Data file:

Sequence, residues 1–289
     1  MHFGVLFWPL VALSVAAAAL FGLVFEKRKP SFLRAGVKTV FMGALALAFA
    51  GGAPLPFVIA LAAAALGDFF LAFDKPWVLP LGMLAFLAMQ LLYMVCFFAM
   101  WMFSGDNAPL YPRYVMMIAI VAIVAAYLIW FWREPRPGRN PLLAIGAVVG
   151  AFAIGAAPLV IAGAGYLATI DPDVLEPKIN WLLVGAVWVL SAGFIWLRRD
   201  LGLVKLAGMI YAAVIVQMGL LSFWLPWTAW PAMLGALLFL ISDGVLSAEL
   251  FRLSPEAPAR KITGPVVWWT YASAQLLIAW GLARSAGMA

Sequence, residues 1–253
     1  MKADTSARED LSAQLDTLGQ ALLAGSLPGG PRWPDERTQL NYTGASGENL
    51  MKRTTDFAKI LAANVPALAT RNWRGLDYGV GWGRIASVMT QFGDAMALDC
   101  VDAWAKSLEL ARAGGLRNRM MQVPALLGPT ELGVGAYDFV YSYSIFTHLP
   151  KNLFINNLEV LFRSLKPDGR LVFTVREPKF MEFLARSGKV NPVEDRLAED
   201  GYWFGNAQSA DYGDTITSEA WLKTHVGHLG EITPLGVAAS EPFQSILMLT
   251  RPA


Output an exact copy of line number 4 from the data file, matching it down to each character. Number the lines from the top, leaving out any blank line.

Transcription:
   101  WMFSGDNAPL YPRYVMMIAI VAIVAAYLIW FWREPRPGRN PLLAIGAVVG